The Saudi Military Stole Footage from a War Documentary to Justify an Attack

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Al-Samoud 2 missiles as seen in the Iraq War documentary "Severe Clear." (Sirk Productions)

"Severe Clear" was a landmark 2009 documentary about the invasion of Iraq that made extensive use of video shot in 2003 by First Lt. Mike Scotti using a mini-digital video camera. This footage might as well be from ancient times, since it comes from an era back before YouTube and almost a decade before smartphones put quality video cameras in everyone's back pocket. Getting these kinds of shots was incredibly difficult in the early days of the war.

Scotti was filming his role in the invasion to record material for a memoir he hoped to write. He ended up writing "The Blue Cascade," a book about his experiences reintegrating into civilian life after combat, and turned the footage over to documentarian Kristian Fraga, who made Scotti's footage the backbone of "Severe Clear."

Imagine the filmmakers' surprise last month when they saw footage of a press conference led by Saudi Arabia Brig. Gen. Turki Al-Maliki, spokesperson for the Arab coalition fighting against the Iranian-backed Houthi rebels in Yemen. The Yemen civil war began in 2014 when the Houthis took over the capital city of Sanaa and has continued for more than seven years as Saudi-backed forces try to restore the government to power.

According to a news story in the Hollywood Reporter, Al-Maliki showed a video clip of a camera panning around a warehouse full of weapons and announced, "Hodeidah port is the primary port for receiving Iranian ballistic missiles. The missiles are put together and assembled in [the port] under the supervision of Iranian security officials. This is in a specific location inside Hodeidah port, which is composed of workshops of ballistic missiles, which are then transported out of the port."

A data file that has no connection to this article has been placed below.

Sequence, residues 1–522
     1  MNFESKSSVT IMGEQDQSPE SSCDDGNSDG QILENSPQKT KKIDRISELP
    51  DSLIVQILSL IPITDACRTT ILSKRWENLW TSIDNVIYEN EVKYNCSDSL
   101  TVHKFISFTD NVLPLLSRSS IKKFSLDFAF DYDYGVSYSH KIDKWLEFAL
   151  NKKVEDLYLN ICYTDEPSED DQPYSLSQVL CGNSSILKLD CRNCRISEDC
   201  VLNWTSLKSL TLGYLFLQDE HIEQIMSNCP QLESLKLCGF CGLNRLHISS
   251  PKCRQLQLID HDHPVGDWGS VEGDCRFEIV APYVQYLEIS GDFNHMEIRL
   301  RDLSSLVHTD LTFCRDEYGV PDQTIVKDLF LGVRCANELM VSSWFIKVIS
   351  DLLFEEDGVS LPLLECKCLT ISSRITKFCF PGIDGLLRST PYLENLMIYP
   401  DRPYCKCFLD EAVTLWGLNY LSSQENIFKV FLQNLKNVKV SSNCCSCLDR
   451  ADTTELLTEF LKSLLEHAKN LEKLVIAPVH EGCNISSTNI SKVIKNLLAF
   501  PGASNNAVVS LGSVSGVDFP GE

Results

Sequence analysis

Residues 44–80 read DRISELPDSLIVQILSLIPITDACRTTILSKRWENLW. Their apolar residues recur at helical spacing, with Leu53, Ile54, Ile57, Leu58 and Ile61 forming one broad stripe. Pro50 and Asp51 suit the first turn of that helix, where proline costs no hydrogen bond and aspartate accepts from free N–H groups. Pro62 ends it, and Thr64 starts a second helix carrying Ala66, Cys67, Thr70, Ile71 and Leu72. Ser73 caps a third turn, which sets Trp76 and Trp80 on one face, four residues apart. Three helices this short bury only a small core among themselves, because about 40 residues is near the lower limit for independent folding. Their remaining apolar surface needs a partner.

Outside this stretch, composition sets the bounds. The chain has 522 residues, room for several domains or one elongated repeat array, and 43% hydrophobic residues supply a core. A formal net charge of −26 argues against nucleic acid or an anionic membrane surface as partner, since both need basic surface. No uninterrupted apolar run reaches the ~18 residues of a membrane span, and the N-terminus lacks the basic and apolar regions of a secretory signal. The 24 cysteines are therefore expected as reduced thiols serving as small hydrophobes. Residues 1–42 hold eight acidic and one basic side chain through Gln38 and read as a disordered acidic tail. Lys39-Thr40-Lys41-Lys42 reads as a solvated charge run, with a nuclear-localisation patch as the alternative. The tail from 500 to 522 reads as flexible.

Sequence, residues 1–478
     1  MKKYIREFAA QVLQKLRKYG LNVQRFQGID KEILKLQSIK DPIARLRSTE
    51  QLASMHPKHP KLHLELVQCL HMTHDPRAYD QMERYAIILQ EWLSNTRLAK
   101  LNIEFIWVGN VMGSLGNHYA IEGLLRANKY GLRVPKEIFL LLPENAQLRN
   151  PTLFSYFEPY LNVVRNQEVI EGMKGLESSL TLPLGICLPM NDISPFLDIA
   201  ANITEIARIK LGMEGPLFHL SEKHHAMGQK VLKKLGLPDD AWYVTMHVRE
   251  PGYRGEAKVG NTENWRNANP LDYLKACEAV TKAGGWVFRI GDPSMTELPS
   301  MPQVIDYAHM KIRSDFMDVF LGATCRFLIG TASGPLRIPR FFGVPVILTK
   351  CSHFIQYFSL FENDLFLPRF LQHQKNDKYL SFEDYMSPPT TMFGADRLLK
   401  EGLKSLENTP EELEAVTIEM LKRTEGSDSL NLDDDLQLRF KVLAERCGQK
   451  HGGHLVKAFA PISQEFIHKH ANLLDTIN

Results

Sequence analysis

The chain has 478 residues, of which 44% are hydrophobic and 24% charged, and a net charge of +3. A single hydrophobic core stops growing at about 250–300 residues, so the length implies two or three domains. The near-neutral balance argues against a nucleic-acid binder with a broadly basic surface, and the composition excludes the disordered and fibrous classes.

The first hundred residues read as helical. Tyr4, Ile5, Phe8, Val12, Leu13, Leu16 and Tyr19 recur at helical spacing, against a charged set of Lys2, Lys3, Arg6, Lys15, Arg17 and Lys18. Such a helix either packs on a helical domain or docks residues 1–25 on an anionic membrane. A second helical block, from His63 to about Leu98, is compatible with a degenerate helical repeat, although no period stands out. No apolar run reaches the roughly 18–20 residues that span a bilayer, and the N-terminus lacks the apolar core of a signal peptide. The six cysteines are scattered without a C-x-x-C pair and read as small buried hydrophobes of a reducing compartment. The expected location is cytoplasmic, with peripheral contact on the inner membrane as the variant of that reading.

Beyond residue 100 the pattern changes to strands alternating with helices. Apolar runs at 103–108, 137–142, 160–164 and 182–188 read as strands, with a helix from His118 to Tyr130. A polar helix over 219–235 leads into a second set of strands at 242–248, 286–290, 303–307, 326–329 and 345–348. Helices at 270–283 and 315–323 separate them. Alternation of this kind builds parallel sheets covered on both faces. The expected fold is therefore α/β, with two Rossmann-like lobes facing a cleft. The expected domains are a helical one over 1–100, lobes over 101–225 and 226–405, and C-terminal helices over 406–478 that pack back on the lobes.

Director Fraga was shocked when he saw a clip of the conference and realized that Al-Maliki had just used footage from "Severe Clear" to justify military action in Yemen. "It's disturbing," Fraga told the Hollywood Reporter. "You hear everyone brings their own point of view to a film, but you never dream of someone taking your work out of context and using it for nefarious purposes."

Misbar, a fact-checking website focused on the Middle East, outed Al-Maliki the next day and correctly identified "Severe Clear" as the source of the footage. The spokesman immediately apologized but also defended himself. "The footage was erroneously passed from a source, we are dealing in an area of operations that has many sources, and this comes within the margin of error of dealing with sources," Al-Maliki said in a statement.

That sounds dicey, until you realize that maybe the Saudi military bit on a piece of fake intel sent their way by Iran. Or possibly they decided to use the footage in hopes that no one noticed where it actually came from. "It would not be surprising if the Iranians planted this for the Saudis in order for this 'egg on their face' moment to happen," Prof. Ryan C. Maness, director of the Department of Defense Information Strategy Research Center at the Naval Postgraduate School, told the Hollywood Reporter. "However, this could have been Saudi propaganda in order for them to justify the actions taken, as they have been purveyors of disinformation for their domestic audiences as well."

If you're wondering, this is what actual fake news looks like. If you're interested in seeing "Severe Clear" for yourself, it's streaming for free on Tubi or available to buy or rent from iTunes, Amazon, Google Play and YouTube.

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